Review: Bandersnatch’s live return was “A-O-K”

Review: Bandersnatch was "A-O-K"

The concert series, presented by University Union, returned to its in-person format in Goldstein Auditorium.
Published: October 24, 2021
Tai Verdes was the highlight of the night with his feel-good music and confident stage presence. (Photo by Cali Delisle)
Tai Verdes closed out the night with an upbeat and energetic performance.

All things considered, Bandersnatch accomplished exactly what University Union sought to do with it. The small, more intimate show gave students the chance to experience the music of up-and-coming artists BenSpence, Maude Latour and Tai Verdes for only $5. Latour currently racks up nearly one million monthly Spotify listeners, while Verdes has a reported 11.5 million monthly listeners. Students will be grateful Bandersnatch gave them the opportunity to see these artists at such a low cost, because it’s looking like the two performers are on the trajectory to not be considered “up-and-coming” for much longer.

BenSpence opened with, “Yo what the f— is up, Syracuse,” and then proceeded to warm up the crowd with an EDM set. There were a few polite fist-pumpers, but students didn’t seem to be too taken with the DJ. Still, you have to give him credit for having the guts to get up on stage in front of his peers (BenSpence is a student at SU) and break the crowd’s ice for the next two acts. Alone on the stage with just his bucket hat and turntable, his music woke people up and got them excited for the sets to come.

Maude Latour, however, had fans enraptured- myself included. Everything from her outfit to her performance was high-energy, with lots of dancing around the stage and quick anecdotes about each song. Plenty of students knew her music and were belting along with the lyrics. “Block Your Number” was definitely a highlight. Audience members jumped around and commiserated with the song’s chronicling of the grief of a regrettable heartbreak. Contrast the room’s high frequency during this song, with the peace of the collective meditative breath Latour had everyone take halfway through her set, and the young singer really accomplished an impressive range of energy and emotion in her performance. In an interview before the show, Latour talked about the challenge of being a rising musical artist and a student at Columbia University, saying that she was “constantly checking in with myself and prioritizing the fact that I’m supposed to be enjoying this.” Her moment of peaceful meditation with her fans was one such moment when Latour found a way to connect with Syracuse and make her performance special. She is the kind of artist who thrives in an intimate venue setting, and Bandersnatch was the perfect exposition of this. Maude Latour was by far the highlight of the concert for me personally, and Syracuse should be on the lookout for what she does next.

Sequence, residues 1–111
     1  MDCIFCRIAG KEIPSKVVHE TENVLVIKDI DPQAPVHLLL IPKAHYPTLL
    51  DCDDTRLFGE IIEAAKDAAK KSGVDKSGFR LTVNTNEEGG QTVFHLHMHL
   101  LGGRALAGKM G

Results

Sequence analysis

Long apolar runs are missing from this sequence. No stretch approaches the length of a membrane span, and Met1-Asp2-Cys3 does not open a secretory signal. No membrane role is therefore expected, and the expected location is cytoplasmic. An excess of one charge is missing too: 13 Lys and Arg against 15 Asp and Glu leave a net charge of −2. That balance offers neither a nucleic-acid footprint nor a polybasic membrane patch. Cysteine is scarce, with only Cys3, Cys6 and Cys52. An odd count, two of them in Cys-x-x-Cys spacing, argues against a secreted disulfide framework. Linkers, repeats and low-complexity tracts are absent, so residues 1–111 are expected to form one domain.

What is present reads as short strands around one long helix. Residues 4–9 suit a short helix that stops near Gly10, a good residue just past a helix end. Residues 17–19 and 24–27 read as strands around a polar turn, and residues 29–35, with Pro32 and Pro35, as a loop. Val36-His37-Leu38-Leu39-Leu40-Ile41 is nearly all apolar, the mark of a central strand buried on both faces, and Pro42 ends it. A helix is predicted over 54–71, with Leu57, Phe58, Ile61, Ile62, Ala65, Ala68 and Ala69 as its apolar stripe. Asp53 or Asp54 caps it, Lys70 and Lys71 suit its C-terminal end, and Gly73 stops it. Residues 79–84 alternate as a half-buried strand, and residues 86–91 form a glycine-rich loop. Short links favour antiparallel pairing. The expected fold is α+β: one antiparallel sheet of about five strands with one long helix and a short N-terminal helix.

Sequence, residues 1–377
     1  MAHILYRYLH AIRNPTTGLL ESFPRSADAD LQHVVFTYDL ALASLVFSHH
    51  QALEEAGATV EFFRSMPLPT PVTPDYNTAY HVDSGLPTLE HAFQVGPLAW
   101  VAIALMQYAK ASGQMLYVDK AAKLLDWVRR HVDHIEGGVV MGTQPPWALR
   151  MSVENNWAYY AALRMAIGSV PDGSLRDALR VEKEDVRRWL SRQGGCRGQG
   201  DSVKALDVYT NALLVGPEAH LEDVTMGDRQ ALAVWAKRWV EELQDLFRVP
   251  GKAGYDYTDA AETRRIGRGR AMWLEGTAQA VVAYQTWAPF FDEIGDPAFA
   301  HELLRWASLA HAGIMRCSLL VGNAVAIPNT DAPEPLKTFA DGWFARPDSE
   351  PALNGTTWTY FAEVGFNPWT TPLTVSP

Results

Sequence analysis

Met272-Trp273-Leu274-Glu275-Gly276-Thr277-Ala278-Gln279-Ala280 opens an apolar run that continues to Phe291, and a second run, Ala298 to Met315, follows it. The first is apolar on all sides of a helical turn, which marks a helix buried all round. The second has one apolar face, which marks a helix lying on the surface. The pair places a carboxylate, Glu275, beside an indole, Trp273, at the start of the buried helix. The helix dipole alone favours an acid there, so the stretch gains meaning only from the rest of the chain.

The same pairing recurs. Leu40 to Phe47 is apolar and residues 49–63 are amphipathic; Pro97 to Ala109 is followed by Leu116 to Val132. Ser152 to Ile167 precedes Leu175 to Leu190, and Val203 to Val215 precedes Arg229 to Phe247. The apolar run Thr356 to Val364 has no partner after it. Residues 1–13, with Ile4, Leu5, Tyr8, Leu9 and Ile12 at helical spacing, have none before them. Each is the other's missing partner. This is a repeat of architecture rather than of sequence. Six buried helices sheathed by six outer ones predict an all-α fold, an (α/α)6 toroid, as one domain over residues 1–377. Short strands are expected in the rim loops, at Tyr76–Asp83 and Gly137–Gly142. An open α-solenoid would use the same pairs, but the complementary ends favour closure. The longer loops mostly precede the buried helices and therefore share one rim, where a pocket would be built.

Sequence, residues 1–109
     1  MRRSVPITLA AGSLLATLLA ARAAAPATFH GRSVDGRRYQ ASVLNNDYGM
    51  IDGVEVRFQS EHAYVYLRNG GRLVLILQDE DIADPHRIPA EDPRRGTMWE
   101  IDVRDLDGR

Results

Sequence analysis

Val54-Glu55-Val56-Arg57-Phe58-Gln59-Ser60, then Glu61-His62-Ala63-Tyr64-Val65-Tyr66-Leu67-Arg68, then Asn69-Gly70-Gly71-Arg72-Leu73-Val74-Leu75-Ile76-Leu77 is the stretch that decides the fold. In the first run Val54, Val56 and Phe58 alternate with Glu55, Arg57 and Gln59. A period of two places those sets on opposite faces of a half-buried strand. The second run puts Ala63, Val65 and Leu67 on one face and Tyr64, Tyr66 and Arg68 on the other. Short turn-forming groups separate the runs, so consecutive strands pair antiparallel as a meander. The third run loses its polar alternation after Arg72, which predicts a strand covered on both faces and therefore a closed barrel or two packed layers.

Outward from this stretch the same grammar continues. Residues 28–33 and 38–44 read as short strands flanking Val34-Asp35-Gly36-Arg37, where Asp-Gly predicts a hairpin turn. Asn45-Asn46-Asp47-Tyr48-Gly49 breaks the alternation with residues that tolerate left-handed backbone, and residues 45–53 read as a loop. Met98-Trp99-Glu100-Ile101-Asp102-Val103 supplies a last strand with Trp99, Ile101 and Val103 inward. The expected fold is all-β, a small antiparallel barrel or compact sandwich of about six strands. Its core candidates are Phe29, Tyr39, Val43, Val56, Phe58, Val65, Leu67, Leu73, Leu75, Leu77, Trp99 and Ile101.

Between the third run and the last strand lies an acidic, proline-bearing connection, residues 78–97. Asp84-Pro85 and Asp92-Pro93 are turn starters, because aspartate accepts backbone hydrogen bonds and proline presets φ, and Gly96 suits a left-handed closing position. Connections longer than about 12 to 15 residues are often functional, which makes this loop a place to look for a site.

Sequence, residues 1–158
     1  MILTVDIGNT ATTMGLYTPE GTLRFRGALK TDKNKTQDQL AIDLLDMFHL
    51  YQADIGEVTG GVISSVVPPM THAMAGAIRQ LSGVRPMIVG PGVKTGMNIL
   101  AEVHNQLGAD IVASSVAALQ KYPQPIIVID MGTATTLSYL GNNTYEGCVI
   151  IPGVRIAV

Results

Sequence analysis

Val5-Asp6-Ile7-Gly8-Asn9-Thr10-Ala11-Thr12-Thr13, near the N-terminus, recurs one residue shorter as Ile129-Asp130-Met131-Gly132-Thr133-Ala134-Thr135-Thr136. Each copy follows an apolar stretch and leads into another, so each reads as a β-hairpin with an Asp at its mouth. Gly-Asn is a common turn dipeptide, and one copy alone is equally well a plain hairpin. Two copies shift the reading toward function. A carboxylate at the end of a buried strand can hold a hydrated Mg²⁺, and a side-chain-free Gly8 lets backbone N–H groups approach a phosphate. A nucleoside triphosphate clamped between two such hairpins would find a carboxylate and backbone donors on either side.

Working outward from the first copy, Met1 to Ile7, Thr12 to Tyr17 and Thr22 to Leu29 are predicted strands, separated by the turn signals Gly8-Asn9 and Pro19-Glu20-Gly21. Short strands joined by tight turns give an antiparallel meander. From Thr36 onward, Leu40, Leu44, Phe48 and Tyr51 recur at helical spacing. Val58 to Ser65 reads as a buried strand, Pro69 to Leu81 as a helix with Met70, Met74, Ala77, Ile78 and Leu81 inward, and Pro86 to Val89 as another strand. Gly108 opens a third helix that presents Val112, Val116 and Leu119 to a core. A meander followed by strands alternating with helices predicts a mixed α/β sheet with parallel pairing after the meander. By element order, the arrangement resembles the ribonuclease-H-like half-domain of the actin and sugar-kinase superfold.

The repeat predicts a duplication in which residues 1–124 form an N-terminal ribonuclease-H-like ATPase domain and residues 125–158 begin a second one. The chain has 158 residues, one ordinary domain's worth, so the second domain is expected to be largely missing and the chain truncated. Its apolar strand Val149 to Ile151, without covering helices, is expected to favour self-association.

Maude Latour brought energy and personability to her Bandersnatch performance. (Photo by Cali Delisle)
Maude Latour brought energy and personability to her Bandersnatch performance.

Closing act Tai Verdes appeared on the Bandersnatch stage with a swagger and confidence that he carried throughout his set. Walking onto the stage calmly and staring down the audience in a casual hoodie and high top Jordans, he had the crowd mesmerized from the moment the lights found him. Verdes opened with a ballad, and then proceeded to shatter the ear drums of the crowd with heavy bass and drums, for which I’d say the audience thanked him. The students loved Tai Verdes, and it was easy to see why. He did a great job maintaining the energy of the audience while still coming across as cool, calm and collected with his upbeat, feel-good music. Obviously “A-O-K”, a song made widely popular by TikTok, was a crowd favorite.

It’s a shame it was a bit of a harrowing process to find tickets and get into the show. The crowd might have filled up more than half the room if the ticket-buying process was less convoluted and UU hadn’t waited until three days before the show to start promoting it, but the artists made the most of it, and you could feel in the air how grateful everyone was to be in a traditional concert setting again. All in all, the community is just grateful to have another pre-pandemic norm back and get to come together to experience some music.